Louisville offense remains work-in-progress

Louisville's offense, slowed by penalties and turnovers in a season-opening win over Murray State, looks for better 'rhythm' and production against Florida International Friday night at PJCS.

It shouldn't come as a surprise that Louisville's defense is ahead of its offense heading into the second week of the season.

That's to be expected with five new starters on the offensive line, a new starting quarterback and young receivers throughout the two-deep.

Heading into Friday night's contest against Florida International, Charlie Strong wants to see improvement from an offense that failed to produce points in the second half of last Thursday's, 21-9, win over Murray State.

Louisville's offense actually started quickly against the Racers. The Cardinals scored touchdowns on three of their first four possessions against Murray State, including drives of 81 and 70 yards.

But after recording three drives of 50 yards or more in the first half, the Cardinals only mustered one drive of more than 50 yards after halftime. In total, six of Louisville's drive against Murray State resulted in 20 yards or less.

"In the first half (Will) Stein managed the game very well and we scored three of the first four possessions," Strong said. "The second half there was no rhythm, no tempo and we just could never get anything established. We were never consistent running the football and never got going."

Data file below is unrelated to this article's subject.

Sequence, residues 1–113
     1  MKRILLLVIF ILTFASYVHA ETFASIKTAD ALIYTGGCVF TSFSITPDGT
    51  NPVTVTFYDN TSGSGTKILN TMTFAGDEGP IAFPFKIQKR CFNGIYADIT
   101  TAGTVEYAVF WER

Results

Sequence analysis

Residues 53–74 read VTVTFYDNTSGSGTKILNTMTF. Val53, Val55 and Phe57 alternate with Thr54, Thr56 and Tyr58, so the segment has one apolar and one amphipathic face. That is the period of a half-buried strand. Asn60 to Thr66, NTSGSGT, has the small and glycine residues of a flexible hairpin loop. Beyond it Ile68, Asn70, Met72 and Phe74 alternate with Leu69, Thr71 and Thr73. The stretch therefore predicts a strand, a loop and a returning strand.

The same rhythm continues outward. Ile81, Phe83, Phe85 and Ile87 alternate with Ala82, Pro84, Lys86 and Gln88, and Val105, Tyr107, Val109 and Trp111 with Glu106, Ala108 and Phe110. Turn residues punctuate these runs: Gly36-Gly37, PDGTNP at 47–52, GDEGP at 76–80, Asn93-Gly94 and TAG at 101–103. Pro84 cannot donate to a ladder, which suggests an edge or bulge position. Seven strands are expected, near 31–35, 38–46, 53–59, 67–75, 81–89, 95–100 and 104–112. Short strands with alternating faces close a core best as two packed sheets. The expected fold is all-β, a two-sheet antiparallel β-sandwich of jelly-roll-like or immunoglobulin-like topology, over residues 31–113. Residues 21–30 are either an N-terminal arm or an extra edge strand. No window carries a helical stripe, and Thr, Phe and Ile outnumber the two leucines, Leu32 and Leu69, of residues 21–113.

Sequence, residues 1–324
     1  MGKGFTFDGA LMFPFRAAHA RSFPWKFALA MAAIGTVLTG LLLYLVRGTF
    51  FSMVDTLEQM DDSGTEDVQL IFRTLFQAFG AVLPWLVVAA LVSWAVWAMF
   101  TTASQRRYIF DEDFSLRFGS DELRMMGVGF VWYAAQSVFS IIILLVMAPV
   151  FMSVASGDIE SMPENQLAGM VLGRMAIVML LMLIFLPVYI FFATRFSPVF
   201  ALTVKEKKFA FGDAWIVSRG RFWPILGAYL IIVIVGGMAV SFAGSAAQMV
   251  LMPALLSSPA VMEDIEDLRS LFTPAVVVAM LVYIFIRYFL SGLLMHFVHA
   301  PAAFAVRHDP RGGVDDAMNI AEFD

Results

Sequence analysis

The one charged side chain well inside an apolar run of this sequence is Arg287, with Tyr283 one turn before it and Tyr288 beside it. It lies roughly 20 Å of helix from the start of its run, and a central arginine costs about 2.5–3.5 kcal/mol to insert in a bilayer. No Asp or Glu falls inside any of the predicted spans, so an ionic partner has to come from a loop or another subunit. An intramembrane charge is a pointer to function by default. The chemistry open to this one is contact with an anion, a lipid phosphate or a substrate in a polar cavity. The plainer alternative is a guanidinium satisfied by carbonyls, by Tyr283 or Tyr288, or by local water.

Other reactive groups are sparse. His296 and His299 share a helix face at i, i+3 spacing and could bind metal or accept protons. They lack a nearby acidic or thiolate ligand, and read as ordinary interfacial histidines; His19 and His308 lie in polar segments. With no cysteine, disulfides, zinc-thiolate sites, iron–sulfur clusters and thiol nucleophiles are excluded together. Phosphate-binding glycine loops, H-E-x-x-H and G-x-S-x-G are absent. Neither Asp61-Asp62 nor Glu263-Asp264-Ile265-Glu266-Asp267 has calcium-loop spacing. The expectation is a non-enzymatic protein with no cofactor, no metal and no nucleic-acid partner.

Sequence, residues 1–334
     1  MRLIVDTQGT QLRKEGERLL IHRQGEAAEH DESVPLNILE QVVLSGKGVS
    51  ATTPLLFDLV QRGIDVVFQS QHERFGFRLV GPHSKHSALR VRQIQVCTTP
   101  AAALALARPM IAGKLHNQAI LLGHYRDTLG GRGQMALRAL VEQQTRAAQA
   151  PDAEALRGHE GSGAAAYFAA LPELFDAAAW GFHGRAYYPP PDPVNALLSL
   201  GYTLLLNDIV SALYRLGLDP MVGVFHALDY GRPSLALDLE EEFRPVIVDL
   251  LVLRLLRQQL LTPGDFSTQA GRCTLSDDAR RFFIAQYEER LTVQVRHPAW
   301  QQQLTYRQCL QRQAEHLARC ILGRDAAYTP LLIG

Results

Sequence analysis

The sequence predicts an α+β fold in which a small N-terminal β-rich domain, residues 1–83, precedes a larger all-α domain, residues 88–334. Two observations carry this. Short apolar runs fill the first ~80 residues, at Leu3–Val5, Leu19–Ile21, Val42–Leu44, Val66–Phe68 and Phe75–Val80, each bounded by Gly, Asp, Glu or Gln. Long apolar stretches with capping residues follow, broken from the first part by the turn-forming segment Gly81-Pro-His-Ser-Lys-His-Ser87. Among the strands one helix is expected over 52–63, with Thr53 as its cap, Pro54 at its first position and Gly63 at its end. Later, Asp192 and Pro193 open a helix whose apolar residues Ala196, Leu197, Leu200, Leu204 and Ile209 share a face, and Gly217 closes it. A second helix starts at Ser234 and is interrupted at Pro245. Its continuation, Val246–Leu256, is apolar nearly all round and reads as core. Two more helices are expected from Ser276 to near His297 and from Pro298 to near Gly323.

It's hard to establish tempo and maintain offensive rhythm when committing 10 penalties – for 65 yards - and four turnovers. On Teddy Bridgewater's first series at quarterback, for example, the Cardinals committed two false starts and a delay of game that resulted in an interception on 3rd and 17.


"Our rhythm changed," said center Alex Kupper. "We had an uptempo offense going and one little mistake led to another. And then the fumbles slowed our tempo down, which led to frustration and people missing blocks.

"In the second half, penalties and turnovers are what ultimately destroyed the running game. They brought pressure the whole game and rolled the safeties down forcing us to throw the ball more than we wanted to."

Strong expected Victor Anderson and Jeremy Wright to post impressive rushing numbers against the Racers. While Anderson averaged almost 7 yards on nine carries, he and Wright combined to rush for only 92 yards. To make matters worse, both Anderson and Wright lost fumbles – Wright's in the red zone on UofL's opening possession.

"I saw it at halftime and I should have addressed it then," Strong said. "When we get a lead it's all about finishing the game. We just don't have the leadership and confidence right now where we can bounce back and go score with the ball. That's why it's important for Vic Anderson, Josh Chichester, and Josh Bellamy to take leadership, drive it and score."

Though Louisville rushed for 159 yards in the opener, Strong wants to see better production out of his team's rushing attack against FIU, which allowed only 97 yards rushing against North Texas. That means Louisville's reconstructed offensive line has to grow up quickly.